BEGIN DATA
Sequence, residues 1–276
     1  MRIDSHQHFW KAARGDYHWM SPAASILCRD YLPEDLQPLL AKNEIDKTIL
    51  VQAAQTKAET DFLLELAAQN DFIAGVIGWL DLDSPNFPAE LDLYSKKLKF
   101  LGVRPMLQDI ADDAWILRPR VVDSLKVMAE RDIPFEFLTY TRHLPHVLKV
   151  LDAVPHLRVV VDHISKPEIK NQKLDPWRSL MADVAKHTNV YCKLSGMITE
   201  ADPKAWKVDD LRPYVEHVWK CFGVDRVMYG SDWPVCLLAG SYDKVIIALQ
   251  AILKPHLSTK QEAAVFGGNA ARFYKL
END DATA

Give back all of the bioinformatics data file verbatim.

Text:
Sequence, residues 1–276
     1  MRIDSHQHFW KAARGDYHWM SPAASILCRD YLPEDLQPLL AKNEIDKTIL
    51  VQAAQTKAET DFLLELAAQN DFIAGVIGWL DLDSPNFPAE LDLYSKKLKF
   101  LGVRPMLQDI ADDAWILRPR VVDSLKVMAE RDIPFEFLTY TRHLPHVLKV
   151  LDAVPHLRVV VDHISKPEIK NQKLDPWRSL MADVAKHTNV YCKLSGMITE
   201  ADPKAWKVDD LRPYVEHVWK CFGVDRVMYG SDWPVCLLAG SYDKVIIALQ
   251  AILKPHLSTK QEAAVFGGNA ARFYKL